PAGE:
The parties to a steel purchase contract applied to an arbitral tribunal with the Polish National Chamber of Commerce to resolve their dispute. The tribunal had found itself competent to consider the matter. The Polish district court as well as the Polish appeal court had confirmed the tribunal’s decision. The final arbitral award was issued in favour of the claimant. The Polish district court had rejected the respondent’s application to set aside the award.
The claimant asked the Higher Regional Court in Brandenburg to issue a declaration of enforceability of the said award. The respondent opposed the application contesting the formal validly of the award and the existence of the arbitration agreement. He also asked the Court to set-off his claims.
The Court granted the application and declared the foreign arbitral award enforceable. It decided that since the foreign court confirmed the jurisdiction of the arbitral tribunal in last instance, the German Court is thus precluded from reviewing this question again.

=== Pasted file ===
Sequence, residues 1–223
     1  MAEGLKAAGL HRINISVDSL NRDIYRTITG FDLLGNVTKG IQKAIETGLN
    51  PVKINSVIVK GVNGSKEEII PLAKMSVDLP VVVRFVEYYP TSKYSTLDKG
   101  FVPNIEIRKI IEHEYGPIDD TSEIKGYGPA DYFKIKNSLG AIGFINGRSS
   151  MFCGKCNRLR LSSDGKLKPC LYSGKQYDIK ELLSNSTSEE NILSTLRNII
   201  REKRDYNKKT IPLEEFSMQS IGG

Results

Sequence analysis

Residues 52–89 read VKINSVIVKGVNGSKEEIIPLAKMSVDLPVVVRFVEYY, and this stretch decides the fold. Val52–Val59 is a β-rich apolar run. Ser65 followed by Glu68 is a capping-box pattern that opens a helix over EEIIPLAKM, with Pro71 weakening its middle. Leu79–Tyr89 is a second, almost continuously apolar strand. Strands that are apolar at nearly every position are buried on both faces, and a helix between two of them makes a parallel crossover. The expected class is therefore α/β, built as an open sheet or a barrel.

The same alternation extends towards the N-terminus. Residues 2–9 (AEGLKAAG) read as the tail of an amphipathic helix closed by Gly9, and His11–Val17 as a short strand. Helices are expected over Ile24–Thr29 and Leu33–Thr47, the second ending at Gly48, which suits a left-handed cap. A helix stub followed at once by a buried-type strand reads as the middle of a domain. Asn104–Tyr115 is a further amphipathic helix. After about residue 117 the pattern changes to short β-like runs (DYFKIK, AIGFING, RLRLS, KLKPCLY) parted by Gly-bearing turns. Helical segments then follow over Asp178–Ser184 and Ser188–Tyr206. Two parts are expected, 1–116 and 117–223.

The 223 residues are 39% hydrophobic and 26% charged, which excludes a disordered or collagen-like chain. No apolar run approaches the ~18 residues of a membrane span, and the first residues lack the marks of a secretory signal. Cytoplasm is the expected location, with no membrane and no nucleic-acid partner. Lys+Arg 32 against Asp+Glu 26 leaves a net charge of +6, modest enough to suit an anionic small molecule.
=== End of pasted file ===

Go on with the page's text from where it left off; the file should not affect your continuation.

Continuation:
The Court also held that if a debtor in the exequatur proceedings raises an objection of set-off, a higher regional court must consider such an objection in its own jurisdiction. For this purpose it is irrelevant if the arbitral tribunal, for its part – rightly or wrongly – did not consider the set-off in the arbitration proceedings.
The decision of the OLG Brandenburg was also the subject of an appeal on points of law to the BGH (the Federal Court of Justice). The BGH overturned the decision, but not with regard to the comments on the effectiveness of the arbitration agreement that are decisive here, but with regard to a set-off asserted against a declaration of enforceability (BGH, Decision of 31.3.2016 – I ZB 76/15). The BGH thus clearly did not object to the findings on the binding nature of the decision in the original court with regard to the validity of the arbitration clause, but on the contrary confirmed them.
Background of the case: OLG Brandenburg, decision of May 20, 2020-11 Sch 1/19 NJOZ 2020, 1545 para. 81.